Daniel Bryg’s American IPA

This beer won the first place in the American IPA category of the NHC’s 2016 first round in the New York judging center.

OG: 1.065
FG: 1.012

Mash at 149°F for 1 hour:

lbs malt
13 2 row
0.6 caramel 60
0.6 Carapils

Boil for 90 minutes with the following hopping schedule:

mins oz hops
75 2.75 Columbus
45 0.5 Columbus
30 1 Simcoe
5 1 Centennial
2 2 Simcoe

Pitch one liquid serving (200bil cells) of RVA 104 – Hoptopper Ale. Start fermentation at 65°F and increase to 70°F over 1 week. Add 4oz of sucrose after 12 days (1.017 SG). Finish at 1.012.

Dry hop at 70°F for 3 days with 1oz of each Columbus, Polaris, Simcoe, Mosaic.

Then more dryhopping for another 3 days with 1oz of each Amarillo, Simcoe, Mosaic, Centennial.

For those interested in mash water ion levels (ppm):

Ca+2 Mg+2 SO4-2 Na+ Cl HCO3
72 0.4 127 4 25 30

Matt Chan’s NHC 3rd place Berliner

Congratulations (again) to Brewser Matt Chan for taking third in the National Homebrew Competition sours category!  Matt shared his prize-winning recipe.

OG: 1.031
IBUs: 1 pellet’s worth

20% acidulated malt (or enough to drop wort pH to 4.5)
40% Weyermann Pilsner
40% Briess White Wheat Malt

1 hop pellet of your choice

1L of nancy’s yogurt starter (1.020 wort + 1tbs of nancy’s yogurt held at 120 F for 1 week)

WY2124/ SafLager 34/70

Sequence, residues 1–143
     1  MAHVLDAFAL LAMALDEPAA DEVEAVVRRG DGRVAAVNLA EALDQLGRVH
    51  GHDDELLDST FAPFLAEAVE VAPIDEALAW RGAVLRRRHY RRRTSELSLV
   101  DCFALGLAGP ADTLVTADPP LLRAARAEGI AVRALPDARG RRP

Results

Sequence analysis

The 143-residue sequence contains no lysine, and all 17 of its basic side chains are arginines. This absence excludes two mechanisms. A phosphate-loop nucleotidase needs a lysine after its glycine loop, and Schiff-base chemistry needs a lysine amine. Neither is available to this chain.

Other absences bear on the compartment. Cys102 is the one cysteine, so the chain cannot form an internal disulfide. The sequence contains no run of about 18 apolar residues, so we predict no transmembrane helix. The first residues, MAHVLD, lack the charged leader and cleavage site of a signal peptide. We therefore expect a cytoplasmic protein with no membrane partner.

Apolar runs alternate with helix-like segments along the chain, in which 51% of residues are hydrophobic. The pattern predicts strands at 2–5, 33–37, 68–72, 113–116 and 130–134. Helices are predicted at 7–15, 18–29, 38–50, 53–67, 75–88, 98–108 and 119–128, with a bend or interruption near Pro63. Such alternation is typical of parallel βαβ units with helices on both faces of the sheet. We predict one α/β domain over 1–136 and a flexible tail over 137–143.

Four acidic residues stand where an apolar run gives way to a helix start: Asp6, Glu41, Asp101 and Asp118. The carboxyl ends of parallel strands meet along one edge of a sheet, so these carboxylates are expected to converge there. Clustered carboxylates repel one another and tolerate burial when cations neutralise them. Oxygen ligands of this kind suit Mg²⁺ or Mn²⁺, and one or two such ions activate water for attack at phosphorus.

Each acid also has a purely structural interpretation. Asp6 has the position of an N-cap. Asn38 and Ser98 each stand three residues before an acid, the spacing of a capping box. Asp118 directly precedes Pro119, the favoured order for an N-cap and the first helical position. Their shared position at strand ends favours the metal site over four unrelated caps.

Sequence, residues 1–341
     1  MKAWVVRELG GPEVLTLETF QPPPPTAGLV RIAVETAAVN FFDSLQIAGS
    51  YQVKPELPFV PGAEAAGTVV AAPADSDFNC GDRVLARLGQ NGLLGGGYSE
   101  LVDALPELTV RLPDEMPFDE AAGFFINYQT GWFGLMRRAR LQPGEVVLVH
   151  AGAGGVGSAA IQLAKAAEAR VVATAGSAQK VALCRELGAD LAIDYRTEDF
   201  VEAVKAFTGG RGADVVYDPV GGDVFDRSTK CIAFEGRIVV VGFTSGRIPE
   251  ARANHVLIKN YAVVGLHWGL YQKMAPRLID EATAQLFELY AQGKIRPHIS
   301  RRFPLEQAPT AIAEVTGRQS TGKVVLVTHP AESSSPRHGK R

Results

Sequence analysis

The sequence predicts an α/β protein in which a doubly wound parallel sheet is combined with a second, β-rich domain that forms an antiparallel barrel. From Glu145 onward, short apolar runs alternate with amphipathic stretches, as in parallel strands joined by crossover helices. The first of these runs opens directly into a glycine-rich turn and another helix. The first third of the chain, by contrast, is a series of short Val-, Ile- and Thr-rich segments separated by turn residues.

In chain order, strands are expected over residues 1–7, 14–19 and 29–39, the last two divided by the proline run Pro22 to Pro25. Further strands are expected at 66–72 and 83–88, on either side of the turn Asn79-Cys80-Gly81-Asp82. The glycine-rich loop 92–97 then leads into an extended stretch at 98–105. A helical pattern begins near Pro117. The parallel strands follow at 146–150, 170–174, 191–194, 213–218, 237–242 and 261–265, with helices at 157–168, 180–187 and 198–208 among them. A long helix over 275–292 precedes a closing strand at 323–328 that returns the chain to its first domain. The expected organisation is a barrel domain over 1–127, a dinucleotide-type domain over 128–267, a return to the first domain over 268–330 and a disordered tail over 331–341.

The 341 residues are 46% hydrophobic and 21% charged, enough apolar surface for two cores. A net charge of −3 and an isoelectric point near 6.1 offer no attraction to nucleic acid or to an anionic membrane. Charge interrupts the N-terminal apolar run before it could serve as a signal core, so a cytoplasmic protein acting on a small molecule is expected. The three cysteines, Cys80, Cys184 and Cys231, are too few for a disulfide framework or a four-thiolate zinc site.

[mash step 1]
1.25 qt/lbs @ 143 for 133 degrees. rest for 1 hour.

[mash step 2]
infuse to 1.7 qt/lbs to get to 150 degrees. rest for 15 minutes.
pull a decoction and bring to boil (10-15 minutes)
decoct for 20 minutes. add single pellet of hops to this stage.

[main mash]
return decoction until main mash hits 166. rest for 30 minutes.
add in acidulated malt to cap the mash and begin sparging.

hold wort for 2-3 days ( or until completely soured) @ 120 in a container purged with CO2. I did it in a purged corny keg.

ferment out with yeast around 58.

Sour Stout

Jeff’s sour stout won the June 2015 in-club sours competition.  He shares his recipe and some thoughts here.

A few years ago, I had The Bruery’s Tart of Darkness a few times within a short period of time.  I remember thinking how smooth and clean it was and how well the acidity paired with such a dark beer.

Last year, I finally got around to trying to create a beer in a similar vein.  This was also the first time it had occurred to me to utilize a kettle sour, followed by a 100% Brett fermentation.  This would allow for a more complex beer, yet still keeping it as a quick turnaround sour.

I’m calling this a sour stout, mostly for lack of a better descriptor.  However, there isn’t as much roast character as I would normally expect for a stout.  While gathering the grains, I became worried about the level of roast and cut my dark malts in half.  I am happy with the result and would brew it again as is.  But if you would like the deeper roast character of a proper stout, this beer would definitely hold up to it.

Sour Stout recipe

Brewed 9/30/14
Kegged 10/29/14

5.9% ABV
14 IBU
37 SRM

13.0P – 2.9P
1.056 – 1.012

6 lbs 2 Row – Rahr
2 lbs Flaked Oats
1 lb C60 – Briess
1 lb Golden Naked Oats – Simpsons
8 oz Chocolate Wheat – Weyermann
8 oz Carafa II

Mash @ 148 for 60 mins
5g CaSo4 + 5g CaCl2 added to beginning of mash.

Kettle sour for 24 hours.  Chill to 120F, pitch a handful of uncrushed grain and hold between 100-120F.  (I wrote a more detailed kettle sour primer on Brooklyn Homebrew’s blog ‘The Boilover’.)

Boil 60 mins.
1 oz Styrian Goldings – 60 mins

100% Brett Trois pitched at ale pitching rates.

Ferment at 65F for 2 days, then ambient (70-73F) for remainder of fermentation.

*You could lower the pitching rate and/or raise fermentation temperature if you prefer more funk than fruit from your Brett.